Knowing The Difference Between The Little Yes And The Bigger Yes
A great example is a good friend of mine named Jack who is always juggling about ten great opportunities grabbing his attention. He is fun to talk to because he’s filled with passion and enthusiasm—and many of his ideas are quite good. The problem is, nothing changes. If I talk to him next week, the only thing different will be the description of the opportunity. Unfortunately, Jack’s “best” is nearly always victimized by his abundance of “good” ideas.
Writers regularly face the same choice. The best way for a writer to succeed is to write. But it is amazing how many “good” excuses we all can come up with to distract us. The same thing happens with those who say they want to rightsize or go debt-free. Even if you agree that rightsizing and going debt free are “best” for you, if you are distracted by all those actions that sound “good” instead, you’ll never live your intentions or achieve your goals.
Finding Your Bigger Yes!
Before we can ever choose the bigger yes, we need to take the time to discover what it is that is most important to us. Sure, we can say we’ve always wanted to be a writer, a good parent, travel the world, or weight a certain weight, but unless we make it a priority we will always be sacrificing that “best” for something merely good. And if you think about it, that “good” is usually an impulsive “want” that tickles our fancy in the moment. So how do we find our bigger yes?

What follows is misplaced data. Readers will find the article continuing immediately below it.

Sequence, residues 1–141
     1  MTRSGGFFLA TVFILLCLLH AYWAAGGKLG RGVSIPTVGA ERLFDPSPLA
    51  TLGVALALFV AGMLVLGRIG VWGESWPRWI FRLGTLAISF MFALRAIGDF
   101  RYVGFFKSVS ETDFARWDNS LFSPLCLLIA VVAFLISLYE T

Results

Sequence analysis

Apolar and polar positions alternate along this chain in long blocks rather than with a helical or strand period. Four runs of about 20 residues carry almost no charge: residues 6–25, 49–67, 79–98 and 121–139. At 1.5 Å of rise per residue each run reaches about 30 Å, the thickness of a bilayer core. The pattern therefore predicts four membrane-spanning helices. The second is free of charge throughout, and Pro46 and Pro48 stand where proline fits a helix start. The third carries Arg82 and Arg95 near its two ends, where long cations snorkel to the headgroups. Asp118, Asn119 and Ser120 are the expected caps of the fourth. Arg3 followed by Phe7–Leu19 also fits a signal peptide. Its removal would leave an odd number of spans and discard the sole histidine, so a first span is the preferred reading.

- We must learn to prioritize. I offer plenty of ideas here on SMART Living 365 or in my book about Rightsizing.
- We must clearly analyze our trade-offs in light of our priorities. (For more, see my post on Trade-Offs.)
- We need to have the discipline to say no to the sorta-good stuff as much as the bad. And as I remind myself regularly, “Just because you can, doesn’t mean you should.”
I know some people who attended Desert Trip last week and the photos and descriptions on Facebook sound fantastic. But like much of what we see in the media, on Facebook, or other social outlets, most people only share the highlights or the best possible perspective. Unless it’s notoriously bad, people seldom talk about the cost, the heat, the dust, the traffic or 75,000 people all jammed together to watch a concert on a screen from miles away. Again, I’m sure that for some people it was a big YES and they enjoyed it. But more importantly was realizing it was just a small yes for me.
If we think about it, we can’t have every single thing we’d like to own or do every single thing that happens in the world around us. We have to choose. Learning to feel good about our choices and selectively say yes to those things that are bigger and best for our individual lives is what I call rightsizing. But regardless of what you call it, it is always SMART to know the difference between the little yes and the big yes, and consciously choose the best every single time.